Monday, June 27, 2011

Really, Jenji Kohan??? REALLY??

You robbed me! BRING BACK ESTEBAN!! I don't care how you do it, but it must be done. This is merely a repeat of last season with Nancy adventuring through the world of Manhattan rather than across the United States. The Esteban plot was the richest thing you had going in a long time. So NOT resolved!

Please.

I have few pleasures in my life. I only had my corrupt Esteban for two episodes last year...and now I don't have him at all. Work your t.v. magic and bring him back!!! PLEASE!!!

Tonight...

WEEDS!!! So excited!!!

Sunday, June 26, 2011

Emma Watson:

In a recent interview, Emma Watson was asked:

You have all the opportunities in the world, you could have taken a year or two off but you’ve decided to study. What’s the reason for that?

She answered:
I just love learning. I’m like addicted to learning. I just want to know as much as I possibly can. It’s never enough for me. And I’ll never stop. I just really love knowledge. Addicted!

Yet another reason to love her.

Here is the entire INTERVIEW.

Thursday, June 23, 2011

Pottermore:

POTTERMORE is coming!

Yes, I do realize that it is a self-serving business decision on her part (at least in my opinion), but I understand why she has to do this. The digital world is fraught with dangers for authors/publishers, and this is the perfect way to keep some control over all of that and to keep the franchise alive.

But, most importantly: IT IS JUST FREAKING EXCITING! Because I LOVE Harry Potter!!!

Wednesday, June 22, 2011

Five years ago today...

Five years ago today, my dad survived cardiac arrest--a very rare thing to survive, for those of you who know. He was substituting for a bass player in a "battle of the bands" contest, a completely spur of the moment thing...and it saved his life. I have never written about that day/time on the blog (except for one brief post in July of 2006), and it is still difficult to do so now. But, today is a celebration. And I am going for it. (And, this post, long as it is, isn't even the entire story. There are so many moments that I can't record...just because they are still too painful/emotional to relive, or because they are too private to talk about.)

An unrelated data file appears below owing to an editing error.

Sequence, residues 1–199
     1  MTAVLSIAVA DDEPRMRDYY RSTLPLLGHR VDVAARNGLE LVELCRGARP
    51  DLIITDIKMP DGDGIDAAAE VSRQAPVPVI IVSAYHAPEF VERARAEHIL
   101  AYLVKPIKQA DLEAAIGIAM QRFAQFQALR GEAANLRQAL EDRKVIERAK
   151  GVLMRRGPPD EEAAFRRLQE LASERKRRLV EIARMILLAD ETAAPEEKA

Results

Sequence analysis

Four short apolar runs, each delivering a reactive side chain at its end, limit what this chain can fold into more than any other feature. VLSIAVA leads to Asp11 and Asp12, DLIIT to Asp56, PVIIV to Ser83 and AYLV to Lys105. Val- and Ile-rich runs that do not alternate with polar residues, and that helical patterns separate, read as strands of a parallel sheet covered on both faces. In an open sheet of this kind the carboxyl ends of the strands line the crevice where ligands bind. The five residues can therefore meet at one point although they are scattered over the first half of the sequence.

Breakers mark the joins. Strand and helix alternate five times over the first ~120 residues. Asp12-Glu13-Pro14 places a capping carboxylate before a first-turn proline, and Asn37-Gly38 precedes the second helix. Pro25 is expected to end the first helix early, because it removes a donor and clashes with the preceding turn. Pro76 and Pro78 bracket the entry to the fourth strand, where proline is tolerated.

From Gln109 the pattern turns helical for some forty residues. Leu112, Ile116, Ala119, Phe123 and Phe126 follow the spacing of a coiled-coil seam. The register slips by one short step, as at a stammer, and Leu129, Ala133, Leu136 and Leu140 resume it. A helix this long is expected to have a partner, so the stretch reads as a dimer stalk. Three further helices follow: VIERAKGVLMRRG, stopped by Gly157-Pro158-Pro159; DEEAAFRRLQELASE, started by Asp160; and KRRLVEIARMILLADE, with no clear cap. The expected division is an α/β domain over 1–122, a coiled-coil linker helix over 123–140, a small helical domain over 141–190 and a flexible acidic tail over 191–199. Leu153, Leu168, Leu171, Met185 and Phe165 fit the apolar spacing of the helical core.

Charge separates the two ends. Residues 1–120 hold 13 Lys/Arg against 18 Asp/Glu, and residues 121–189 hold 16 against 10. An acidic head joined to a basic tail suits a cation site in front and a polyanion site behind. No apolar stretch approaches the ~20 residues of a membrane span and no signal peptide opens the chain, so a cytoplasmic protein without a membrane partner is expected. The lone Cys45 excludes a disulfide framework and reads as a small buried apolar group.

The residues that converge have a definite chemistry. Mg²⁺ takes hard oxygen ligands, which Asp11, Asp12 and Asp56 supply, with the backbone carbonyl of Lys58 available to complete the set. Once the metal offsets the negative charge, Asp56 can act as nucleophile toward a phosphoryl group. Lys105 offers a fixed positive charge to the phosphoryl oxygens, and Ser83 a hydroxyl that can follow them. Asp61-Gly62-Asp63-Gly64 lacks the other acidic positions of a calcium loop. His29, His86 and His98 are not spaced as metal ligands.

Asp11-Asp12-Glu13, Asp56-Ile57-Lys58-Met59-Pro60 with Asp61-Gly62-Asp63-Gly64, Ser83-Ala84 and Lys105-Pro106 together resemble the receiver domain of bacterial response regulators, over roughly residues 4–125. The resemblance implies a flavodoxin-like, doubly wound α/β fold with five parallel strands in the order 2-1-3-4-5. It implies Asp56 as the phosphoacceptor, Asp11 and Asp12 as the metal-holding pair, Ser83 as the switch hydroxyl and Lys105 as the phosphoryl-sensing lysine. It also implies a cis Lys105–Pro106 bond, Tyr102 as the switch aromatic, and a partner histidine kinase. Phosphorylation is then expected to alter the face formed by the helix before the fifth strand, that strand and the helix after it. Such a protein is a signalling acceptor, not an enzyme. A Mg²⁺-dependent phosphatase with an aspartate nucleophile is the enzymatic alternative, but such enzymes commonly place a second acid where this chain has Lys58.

I remember everything about that day.

I was working for the Institute of Reading Development in Birmingham and got home around six or so. I was so tired and I was sitting at the kitchen table when dad kissed me goodbye and told me he loved me.

That evening, as I tried to unwind from the day, mom and I were talking about how it probably wouldn't be long before dad had another heart attack. I know. That sounds too weird to be true, but that is what we discussed. He usually lasts about two years before needing to go back into the hospital for either an attack or for more work. It had been over two years, by then. We just sighed and talked about how we needed to be on the lookout for signs.